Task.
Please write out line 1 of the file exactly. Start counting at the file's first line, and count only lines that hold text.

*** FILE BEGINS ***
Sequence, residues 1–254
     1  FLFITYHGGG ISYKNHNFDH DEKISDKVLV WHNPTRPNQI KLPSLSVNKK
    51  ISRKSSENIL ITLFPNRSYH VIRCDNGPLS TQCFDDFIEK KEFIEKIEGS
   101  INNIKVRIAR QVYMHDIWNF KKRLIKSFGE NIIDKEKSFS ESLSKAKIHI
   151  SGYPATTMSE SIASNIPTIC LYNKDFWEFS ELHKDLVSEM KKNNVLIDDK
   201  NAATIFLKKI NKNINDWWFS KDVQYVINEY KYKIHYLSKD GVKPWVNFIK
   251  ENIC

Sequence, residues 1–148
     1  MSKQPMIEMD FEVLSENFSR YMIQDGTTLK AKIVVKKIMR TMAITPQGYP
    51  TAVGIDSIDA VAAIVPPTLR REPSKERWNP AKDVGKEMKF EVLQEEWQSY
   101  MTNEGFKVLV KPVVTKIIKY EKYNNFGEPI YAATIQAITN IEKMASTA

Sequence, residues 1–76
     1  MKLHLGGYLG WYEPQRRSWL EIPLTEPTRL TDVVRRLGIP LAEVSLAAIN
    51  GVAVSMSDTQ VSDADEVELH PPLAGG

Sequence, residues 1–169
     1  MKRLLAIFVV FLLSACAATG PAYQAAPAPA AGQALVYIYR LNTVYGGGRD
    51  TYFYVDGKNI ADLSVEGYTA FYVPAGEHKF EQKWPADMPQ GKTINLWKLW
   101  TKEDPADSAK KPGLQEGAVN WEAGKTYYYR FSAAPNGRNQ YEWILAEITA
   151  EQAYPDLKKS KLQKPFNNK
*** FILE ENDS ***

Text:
Sequence, residues 1–254